Cessation of payments: when should it be declared?

As soon as a company is deemed to be in a state of suspension of payments, it must file a declaration with the Commercial Court or the Court of First Instance. When is the best time to do this?

Which companies are concerned?

Companies that find themselves in a situation of cessation of payments are those whose cash flow is no longer sufficient to settle their debts. They are then required to file a declaration with the competent court within 45 days. Merchants, trading companies and craftsmen must apply to the Commercial Court, while other players must apply to the Judicial Court.

The declaration of cessation of payments can concern companies, sole traders and micro-entrepreneurs. In the case of a company, it is up to the director or co-manager to make the declaration. In the case of a sole proprietorship, it is up to the entrepreneur to make the declaration.


However, this procedure does not apply to individuals with excessive debt, natural persons domiciled in Alsace and Moselle, credit institutions or persons involved in collective proceedings already opened against a company.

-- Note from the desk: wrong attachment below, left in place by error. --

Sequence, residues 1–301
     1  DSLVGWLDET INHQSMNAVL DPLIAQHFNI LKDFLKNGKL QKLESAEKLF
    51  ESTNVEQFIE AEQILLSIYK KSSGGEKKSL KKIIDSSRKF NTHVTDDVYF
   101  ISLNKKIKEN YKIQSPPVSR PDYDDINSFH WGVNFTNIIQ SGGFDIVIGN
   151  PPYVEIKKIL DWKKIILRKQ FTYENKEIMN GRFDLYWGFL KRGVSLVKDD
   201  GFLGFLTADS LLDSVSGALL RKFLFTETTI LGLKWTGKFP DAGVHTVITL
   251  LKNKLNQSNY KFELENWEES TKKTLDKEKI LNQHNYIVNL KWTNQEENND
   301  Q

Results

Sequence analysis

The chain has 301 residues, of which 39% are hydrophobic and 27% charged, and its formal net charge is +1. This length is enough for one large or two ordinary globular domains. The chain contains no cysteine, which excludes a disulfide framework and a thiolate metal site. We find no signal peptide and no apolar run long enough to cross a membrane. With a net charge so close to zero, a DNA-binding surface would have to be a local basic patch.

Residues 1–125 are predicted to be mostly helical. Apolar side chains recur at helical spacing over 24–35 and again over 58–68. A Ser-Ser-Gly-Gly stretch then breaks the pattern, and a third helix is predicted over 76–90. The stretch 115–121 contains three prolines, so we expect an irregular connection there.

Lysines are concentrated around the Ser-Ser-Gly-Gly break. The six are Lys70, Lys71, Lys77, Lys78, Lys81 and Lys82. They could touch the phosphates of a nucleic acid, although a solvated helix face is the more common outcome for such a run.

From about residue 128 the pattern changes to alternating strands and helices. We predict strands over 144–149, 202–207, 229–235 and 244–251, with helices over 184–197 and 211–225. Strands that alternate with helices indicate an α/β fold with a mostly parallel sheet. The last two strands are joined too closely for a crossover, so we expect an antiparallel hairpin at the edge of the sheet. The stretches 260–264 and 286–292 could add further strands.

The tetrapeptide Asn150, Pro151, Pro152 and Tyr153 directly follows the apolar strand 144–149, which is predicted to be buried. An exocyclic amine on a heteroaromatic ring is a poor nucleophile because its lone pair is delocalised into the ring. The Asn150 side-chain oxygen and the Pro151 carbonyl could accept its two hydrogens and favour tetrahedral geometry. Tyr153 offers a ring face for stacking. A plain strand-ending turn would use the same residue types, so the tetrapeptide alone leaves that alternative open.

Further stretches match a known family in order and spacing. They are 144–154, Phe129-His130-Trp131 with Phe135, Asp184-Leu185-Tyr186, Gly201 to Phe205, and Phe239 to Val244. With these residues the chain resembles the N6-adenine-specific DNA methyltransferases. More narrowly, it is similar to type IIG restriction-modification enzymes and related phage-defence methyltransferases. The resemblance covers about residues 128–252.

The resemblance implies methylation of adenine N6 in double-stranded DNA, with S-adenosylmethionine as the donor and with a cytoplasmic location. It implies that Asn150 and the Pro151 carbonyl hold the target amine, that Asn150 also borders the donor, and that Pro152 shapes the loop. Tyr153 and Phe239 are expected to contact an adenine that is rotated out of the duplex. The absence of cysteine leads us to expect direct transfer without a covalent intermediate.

When is the right time to declare bankruptcy?

Although the law requires companies to declare themselves in a state of cessation of payments within 45 days, turnaround professionals advise them to do so as soon as possible. Indeed, a manager who files this declaration late, even though he or she was aware of this state of affairs a long time before, may be subject to a ban on managing, administering or controlling the company, as the Cour de cassation reminded us in a ruling dated January 12, 2022.

In this case, a manager had declared the cessation of payments of his company on March 23, 2016, whereas the court had set the date of the receivership proceedings at October 6, 2014. To justify his actions, the manager stated that he had not been aware of his company's cessation of payments within 45 days of that date. The judges disagreed, noting that in 2015, he was no longer able to pay the employer's share of social security contributions or VAT. What's more, the manager was also unable to pay wages four months before the receivership proceedings were initiated. All these factors led the Court to believe that, until March 23, 2016, the manager had deliberately failed to declare the cessation of payments within the allotted timeframe. As a result, he was sentenced to a management ban.

Companies that can no longer pay their debts with their available assets have every interest in declaring cessation of payments as soon as possible. Executives who wait too long may incur personal liability, putting their company at economic risk.